The second scene of Act II was also very well done. Sieglinde’s vision of Siegmund’s death was suitably hysterical, to the point where Sieglinde briefly picked up Nothung and brandished it at Siegmund as she quietly began with “Wo bist du, Siegmund,” failing to recognize him entirely. The Annunciation of Death scene was equally good, though again I thought it was the orchestra that shined in this section. (Brünnhilde’s helm did have extremely awesome wings on it.) An actual sword fight with pretty good choreography got broken up by Wotan, and Fricka appeared onstage as though to remind the audience of her hand in the development of the plot. She goes over to Wotan and Hunding, and Hunding stands between the two gods before he is struck down by Wotan. Fricka sinks down onto his corpse, conveying perhaps pity, or maybe she senses the inevitability of the downfall of the gods despite her best efforts. All this without singing a word (I ❤ Stephanie Blythe).

After a brief caffeine break at intermission it was on to Act III. The assembled Valkyries (I’m not going to list all their names) sang well together, and had a playful, almost women’s-basketball-team-ish feel to them. The was one morbidly hilarious Salomé reference when one of the Valkyries pulled out some body parts from a bag and kissed a severed head on the mouth. Sieglinde’s big shining moment was carried off quite well, and vocal jitters that Brünnhilde displayed earlier on were gone by this point.  Wotan was in incredible form with his wrathful warnings to the assembled Valkyries. His very powerful voice was on full display, but he subtly varied his angry outbursts in such a way as to keep the audience from getting bored. After he had scared off the rest of the Valkyries Brünnhilde’s great defense started up in earnest, and father and daughter sang incredibly well. The most heart-wrenching moment of the entire opera, and perhaps the entire Ring (the jury will be out on that until Friday evening) was pulled off wordlessly. After Brünnhilde has fruitlessly tried everything she can think of to get Wotan to relent on his punishment, and then suggests a ring of magic fire to keep cowards at bay, Wotan agrees to this final request. All this time, however, the two characters have spent the progress of the duet apart on stage, but when they finally came together and embraced over the beautiful playing of the orchestra I nearly lost it. Literally, tears welled up in my eyes and stayed there until Wotan had put Brünnhilde into her magic sleep. The orchestra continued their night of excellent playing until the very end, and as an added bonus, the production used real fire in the final scene, which spread along serpentine trails in the rocks covering half the stage.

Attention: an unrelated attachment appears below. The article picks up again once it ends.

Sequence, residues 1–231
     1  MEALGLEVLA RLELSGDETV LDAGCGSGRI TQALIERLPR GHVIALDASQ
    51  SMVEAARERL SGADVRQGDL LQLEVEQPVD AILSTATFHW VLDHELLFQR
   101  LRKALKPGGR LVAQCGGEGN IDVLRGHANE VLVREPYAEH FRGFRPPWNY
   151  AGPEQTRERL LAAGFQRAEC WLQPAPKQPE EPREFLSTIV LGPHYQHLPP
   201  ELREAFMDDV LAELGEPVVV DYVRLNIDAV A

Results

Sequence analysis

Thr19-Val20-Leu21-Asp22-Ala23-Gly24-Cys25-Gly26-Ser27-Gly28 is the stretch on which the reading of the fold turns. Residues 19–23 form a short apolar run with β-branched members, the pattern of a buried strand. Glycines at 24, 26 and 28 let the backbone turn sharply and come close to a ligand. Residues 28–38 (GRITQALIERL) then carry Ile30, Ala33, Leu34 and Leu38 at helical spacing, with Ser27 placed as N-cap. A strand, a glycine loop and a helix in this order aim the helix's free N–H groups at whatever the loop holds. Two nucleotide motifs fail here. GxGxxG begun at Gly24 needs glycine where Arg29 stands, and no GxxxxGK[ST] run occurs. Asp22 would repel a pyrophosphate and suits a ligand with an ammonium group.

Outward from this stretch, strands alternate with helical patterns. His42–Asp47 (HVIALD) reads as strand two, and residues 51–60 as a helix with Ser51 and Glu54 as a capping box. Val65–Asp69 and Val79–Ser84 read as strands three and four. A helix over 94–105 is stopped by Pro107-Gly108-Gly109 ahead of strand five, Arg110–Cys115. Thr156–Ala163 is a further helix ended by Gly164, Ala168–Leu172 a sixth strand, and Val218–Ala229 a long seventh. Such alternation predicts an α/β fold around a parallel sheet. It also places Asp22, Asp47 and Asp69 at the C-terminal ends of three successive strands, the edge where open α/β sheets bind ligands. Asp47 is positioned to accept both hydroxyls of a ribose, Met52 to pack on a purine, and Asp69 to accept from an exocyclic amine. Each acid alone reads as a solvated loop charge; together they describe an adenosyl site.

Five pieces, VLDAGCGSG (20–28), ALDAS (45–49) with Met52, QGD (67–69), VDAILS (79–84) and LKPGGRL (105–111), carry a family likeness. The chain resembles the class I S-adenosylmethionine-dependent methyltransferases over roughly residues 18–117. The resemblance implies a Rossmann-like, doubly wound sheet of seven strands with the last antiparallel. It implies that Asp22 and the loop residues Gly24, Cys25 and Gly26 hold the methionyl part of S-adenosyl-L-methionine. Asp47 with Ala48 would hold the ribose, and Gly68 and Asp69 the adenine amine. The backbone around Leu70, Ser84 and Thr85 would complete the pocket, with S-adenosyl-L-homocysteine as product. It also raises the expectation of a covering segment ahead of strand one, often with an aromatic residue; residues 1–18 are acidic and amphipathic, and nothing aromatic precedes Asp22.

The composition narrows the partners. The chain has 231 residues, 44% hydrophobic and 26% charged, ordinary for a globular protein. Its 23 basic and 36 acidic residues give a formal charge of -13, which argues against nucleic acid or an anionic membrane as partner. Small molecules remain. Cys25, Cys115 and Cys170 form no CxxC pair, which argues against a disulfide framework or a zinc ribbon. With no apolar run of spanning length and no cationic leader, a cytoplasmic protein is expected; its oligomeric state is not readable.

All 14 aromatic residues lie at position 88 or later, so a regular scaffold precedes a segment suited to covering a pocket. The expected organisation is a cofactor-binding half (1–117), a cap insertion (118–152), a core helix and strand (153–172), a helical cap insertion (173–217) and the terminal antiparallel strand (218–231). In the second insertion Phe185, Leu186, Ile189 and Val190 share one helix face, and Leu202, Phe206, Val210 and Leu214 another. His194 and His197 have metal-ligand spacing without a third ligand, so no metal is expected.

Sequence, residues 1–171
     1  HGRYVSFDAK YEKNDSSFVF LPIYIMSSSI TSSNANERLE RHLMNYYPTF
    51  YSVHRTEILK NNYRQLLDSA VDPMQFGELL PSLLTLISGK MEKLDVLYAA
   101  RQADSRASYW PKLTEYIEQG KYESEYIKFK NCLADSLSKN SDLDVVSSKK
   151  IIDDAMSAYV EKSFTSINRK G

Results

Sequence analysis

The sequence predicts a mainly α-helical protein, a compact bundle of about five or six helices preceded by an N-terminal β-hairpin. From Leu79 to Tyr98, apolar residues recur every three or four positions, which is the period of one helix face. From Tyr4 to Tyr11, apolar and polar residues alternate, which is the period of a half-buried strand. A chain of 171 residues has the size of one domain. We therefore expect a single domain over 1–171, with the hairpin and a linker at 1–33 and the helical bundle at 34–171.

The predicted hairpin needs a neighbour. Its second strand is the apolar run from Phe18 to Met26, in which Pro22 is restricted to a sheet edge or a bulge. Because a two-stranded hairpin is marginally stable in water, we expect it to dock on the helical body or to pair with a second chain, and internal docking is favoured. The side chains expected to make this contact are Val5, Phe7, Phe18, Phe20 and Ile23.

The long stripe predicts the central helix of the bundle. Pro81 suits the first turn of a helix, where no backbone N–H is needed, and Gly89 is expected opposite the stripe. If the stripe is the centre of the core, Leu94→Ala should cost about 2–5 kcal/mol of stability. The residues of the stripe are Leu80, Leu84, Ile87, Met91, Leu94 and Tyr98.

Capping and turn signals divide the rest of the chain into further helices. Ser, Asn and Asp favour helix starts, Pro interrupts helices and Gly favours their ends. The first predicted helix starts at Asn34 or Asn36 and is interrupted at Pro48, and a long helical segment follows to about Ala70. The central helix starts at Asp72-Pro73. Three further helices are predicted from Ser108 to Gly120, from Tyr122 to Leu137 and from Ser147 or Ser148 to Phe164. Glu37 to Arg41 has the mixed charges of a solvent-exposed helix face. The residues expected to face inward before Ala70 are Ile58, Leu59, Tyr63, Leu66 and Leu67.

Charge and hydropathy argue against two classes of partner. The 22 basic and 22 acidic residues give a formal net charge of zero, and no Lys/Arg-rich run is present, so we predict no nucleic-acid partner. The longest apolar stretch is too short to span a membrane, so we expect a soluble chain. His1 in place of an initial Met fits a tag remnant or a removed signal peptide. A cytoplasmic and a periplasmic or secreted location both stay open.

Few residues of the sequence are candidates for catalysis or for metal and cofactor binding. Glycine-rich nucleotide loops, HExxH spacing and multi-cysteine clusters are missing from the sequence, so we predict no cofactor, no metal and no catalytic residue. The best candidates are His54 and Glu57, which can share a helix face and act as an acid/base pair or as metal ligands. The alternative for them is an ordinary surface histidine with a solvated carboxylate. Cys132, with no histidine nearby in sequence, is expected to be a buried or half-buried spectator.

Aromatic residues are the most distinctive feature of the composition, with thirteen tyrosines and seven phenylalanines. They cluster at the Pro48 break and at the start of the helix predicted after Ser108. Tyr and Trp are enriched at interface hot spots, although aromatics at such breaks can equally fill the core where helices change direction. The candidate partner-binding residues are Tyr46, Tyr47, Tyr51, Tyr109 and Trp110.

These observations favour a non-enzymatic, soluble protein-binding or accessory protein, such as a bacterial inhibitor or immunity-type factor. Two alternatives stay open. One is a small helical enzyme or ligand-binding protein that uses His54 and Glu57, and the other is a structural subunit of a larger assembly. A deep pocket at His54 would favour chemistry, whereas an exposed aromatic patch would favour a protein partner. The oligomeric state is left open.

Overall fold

I think what makes this particular opera so moving is the depth of characterization that it supplies, making everyone complex and endlessly debatable. This review is even longer than the Rheingold write-up, but I’ll thrown in my final favorite aspect. Wotan’s character is to me so tragic because the web he’s entangled himself into forces him to give up the daughter he loves so dearly, and he built the web without even meaning to. Is it pride that makes him blind to the path he’s on or does impetuousness born of arrogance make him act before he thinks? Is it some combination thereof, or perhaps something else entirely?

Tomorrow we get a day off from Wagner (though my mom got us tickets to a Ring symposium/lecture, so we’re not totally free of him), and then it’s Siegfried on Wednesday. Until next time!

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Das Rheingold, or, How Stephanie Blythe Rocks My World

August 9, 2009 at 11:32 pm (Composers I Dig, Reviews)

The glorious, vain, pompous, fantastic finale of Das Rheingold is still ringing in my ears as I write this. This production (premiered in 2005 I think) isn’t going to win any awards for most avant-garde North American Ring staging (that honor will likely go to LA Opera next year), but oh my gosh was this a great evening.

My mom, Number One Fan that she is, brought me to this Ring cycle as a graduation present, for which I am eternally grateful. We took our seats around 6:30 and waited for the start. At a few minutes past 7 PM, after the orchestra had tuned, the auditorium went completely pitch black. It was as though we were floating, timeless. An infinitesimally dim light, which I failed to notice at first, shone on the conductor (Robert Spano), and he gave the downbeat to start the Prelude.